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'Strangers' Help Kidney Donor

Strangers are said to have contributed $2,650 to help win the freedom of a man who was jailed for nonpayment of child support eight days after he donated his kidney to someone he met over the Internet.

That's according to Bill Speek, attorney for kidney donor Robert Smitty, who says the cash came from anonymous benefactors.

Smitty, 32, donated his kidney to Edwards, Colo., psychologist Bob Hickey, 58, on Oct. 20 after the two met through MatchingDonors.com, a commercial Web site that matches potential donors with people needing transplants.

MatchingDonors.com charges varying fees - sometimes $290 a month - to post profiles of people looking for live organ donors.

Smitty was jailed shortly afterward because he owed $8,100 in child support. He was ordered to pay either the entire sum or, with a judge's approval, a partial amount.

Doctors in Denver at first stopped the surgery, but rescheduled the transplant and performed it after Smitty assured the hospital that he did not profit financially from the organ donation.

Both men have said there was no payment for the kidney, which would be a violation of federal law. There are no laws against soliciting an organ.

By finding Smitty, Hickey - who had needed a transplant since 1999 - was able to get around the long waiting list maintained by the United Network for Organ Sharing (UNOS), the non-profit group which determines who gets available organs from dead donors.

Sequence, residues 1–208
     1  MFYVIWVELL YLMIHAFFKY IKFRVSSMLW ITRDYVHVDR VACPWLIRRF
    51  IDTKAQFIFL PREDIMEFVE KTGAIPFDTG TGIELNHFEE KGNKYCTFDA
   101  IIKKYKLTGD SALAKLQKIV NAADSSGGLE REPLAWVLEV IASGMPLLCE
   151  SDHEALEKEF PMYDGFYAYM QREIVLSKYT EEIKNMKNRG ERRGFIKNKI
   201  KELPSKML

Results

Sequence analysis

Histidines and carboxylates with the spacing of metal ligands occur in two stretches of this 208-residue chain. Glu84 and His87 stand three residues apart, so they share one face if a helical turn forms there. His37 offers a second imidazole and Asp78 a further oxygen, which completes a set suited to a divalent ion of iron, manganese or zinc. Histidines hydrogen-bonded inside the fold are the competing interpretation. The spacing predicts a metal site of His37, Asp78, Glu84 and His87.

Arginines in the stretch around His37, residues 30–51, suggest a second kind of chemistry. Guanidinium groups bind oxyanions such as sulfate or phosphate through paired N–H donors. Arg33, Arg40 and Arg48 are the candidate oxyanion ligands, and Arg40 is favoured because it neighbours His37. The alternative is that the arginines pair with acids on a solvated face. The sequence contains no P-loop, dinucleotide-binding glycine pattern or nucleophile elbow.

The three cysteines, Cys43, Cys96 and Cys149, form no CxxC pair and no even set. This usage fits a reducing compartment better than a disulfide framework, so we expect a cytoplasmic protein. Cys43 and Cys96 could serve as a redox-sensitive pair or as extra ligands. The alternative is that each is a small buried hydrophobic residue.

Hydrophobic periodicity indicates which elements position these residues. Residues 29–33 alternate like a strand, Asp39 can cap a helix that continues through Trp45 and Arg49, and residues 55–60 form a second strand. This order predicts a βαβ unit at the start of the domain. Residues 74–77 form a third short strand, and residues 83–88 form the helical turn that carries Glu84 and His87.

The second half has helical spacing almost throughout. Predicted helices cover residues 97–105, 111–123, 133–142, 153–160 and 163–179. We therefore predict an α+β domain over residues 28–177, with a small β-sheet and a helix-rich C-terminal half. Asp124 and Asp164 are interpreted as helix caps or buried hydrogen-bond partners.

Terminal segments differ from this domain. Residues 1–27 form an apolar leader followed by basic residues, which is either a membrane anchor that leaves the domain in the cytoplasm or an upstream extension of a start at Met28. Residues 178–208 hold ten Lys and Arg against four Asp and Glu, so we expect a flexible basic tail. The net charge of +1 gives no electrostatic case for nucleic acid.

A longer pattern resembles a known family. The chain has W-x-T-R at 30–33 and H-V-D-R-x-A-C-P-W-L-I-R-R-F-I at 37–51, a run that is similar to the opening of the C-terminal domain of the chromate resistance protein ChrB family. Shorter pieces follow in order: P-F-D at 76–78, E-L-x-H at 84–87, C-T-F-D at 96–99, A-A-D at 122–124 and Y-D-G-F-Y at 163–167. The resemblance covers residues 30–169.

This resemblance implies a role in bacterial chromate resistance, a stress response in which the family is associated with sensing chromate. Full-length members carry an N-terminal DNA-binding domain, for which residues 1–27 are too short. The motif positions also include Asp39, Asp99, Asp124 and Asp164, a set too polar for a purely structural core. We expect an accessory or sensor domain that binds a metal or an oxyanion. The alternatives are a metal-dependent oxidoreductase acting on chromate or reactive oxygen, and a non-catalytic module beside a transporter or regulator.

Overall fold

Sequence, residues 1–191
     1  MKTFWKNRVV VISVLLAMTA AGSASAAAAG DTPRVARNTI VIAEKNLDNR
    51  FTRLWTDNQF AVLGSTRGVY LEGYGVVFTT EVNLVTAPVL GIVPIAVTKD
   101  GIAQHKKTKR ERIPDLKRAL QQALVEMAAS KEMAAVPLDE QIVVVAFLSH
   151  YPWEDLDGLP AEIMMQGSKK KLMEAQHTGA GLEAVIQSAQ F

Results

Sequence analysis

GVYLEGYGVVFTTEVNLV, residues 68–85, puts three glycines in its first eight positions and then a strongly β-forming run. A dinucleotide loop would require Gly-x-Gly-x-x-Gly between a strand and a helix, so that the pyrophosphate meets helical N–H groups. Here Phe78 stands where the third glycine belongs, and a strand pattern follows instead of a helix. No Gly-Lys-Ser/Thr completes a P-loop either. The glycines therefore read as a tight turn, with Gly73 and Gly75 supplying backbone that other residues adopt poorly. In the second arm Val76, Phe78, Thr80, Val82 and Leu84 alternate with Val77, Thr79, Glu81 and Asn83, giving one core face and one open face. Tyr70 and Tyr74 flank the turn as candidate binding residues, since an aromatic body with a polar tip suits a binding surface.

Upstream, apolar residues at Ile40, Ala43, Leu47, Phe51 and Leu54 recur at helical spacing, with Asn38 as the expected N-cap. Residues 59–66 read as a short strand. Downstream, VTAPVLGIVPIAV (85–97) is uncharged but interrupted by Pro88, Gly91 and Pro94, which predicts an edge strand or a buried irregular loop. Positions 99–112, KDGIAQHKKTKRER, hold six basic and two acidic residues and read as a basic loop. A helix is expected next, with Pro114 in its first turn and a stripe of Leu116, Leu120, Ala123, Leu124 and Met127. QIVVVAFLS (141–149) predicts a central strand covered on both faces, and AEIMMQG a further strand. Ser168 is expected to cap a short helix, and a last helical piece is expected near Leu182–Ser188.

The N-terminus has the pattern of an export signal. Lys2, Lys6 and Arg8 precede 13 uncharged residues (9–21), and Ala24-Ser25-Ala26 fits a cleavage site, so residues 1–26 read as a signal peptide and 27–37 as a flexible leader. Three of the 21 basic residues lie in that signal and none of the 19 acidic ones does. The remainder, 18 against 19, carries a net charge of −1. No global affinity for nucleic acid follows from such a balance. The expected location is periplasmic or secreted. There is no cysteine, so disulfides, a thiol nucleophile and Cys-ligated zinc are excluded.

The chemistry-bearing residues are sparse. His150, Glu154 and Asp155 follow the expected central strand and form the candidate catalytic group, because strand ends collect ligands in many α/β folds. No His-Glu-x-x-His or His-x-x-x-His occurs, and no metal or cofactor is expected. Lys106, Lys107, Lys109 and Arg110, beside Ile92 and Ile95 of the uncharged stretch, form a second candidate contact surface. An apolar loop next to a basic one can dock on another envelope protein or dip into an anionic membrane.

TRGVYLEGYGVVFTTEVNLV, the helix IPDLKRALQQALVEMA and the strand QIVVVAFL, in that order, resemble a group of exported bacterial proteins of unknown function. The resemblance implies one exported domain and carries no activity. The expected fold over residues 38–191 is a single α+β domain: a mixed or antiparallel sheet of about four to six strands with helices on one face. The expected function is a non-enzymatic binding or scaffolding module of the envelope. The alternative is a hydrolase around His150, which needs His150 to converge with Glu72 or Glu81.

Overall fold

Hickey did, as is legal, pay Smitty's expenses - lost wages, plus travel costs from Chattanooga, Tenn., to Denver for himself and his family - an amount Hickey estimated before the surgery might add up to about $4,000 to $5,000.

Smitty was taken by surprise by criticism from some quarters, including UNOS, voicing concerns that web site matches of recipients and donors posed ethical concerns including unfair advantages for wealthier patients and a danger that individuals with financial problems might be tempted to sell organs.

The number of organs transplanted from live donors in the U.S. is now larger - but only slightly so - than the number of organs from dead donors. Most live donors, however, have some sort of connection with the organ recipient.

"I'm being treated like garbage by the media and I haven't even committed a crime," said Smitty, shortly after his decision hit the headlines, denying any financial motive for his gift to Hickey.

Smitty, of Chattanooga, said Hickey has written him checks of $950, $700 and $1,400 to help cover expenses and to compensate for time he has missed at work. Smitty said he was unsure how much additional compensation he would get.

While angry about media reports about his situation, Smitty was nonetheless philosophical last month as it became clear that he was probably going to be jailed.

"I've had cuffs put on me before and I may have them put on me again," said Smitty, before a hearing on the child support charge. "I think it'll make them look bad to put a man who just donated a kidney in jail."

"If they are looking for perfect people to donate organs, they're not going to find anyone," he said. "There are none out there."

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